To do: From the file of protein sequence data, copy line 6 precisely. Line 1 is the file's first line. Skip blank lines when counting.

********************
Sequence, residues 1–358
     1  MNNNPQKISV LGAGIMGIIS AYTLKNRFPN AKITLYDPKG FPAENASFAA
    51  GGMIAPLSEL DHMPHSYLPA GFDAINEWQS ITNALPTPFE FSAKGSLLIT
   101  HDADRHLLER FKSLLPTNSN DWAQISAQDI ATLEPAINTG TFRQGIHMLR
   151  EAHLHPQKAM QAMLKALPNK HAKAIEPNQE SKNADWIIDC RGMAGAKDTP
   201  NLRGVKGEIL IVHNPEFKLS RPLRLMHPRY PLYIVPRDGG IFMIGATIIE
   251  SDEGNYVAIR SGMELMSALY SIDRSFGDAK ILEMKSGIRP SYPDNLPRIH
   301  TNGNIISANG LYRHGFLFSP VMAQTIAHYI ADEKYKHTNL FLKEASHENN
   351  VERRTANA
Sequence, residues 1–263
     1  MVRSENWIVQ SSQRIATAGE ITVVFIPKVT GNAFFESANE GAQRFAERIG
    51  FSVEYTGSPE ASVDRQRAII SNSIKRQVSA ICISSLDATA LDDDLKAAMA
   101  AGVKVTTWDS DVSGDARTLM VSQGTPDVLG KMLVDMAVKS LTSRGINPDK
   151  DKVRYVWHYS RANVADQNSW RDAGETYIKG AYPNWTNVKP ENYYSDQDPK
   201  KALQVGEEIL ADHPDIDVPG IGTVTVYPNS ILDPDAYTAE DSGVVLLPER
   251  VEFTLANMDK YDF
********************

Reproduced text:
   201  NLRGVKGEIL IVHNPEFKLS RPLRLMHPRY PLYIVPRDGG IFMIGATIIE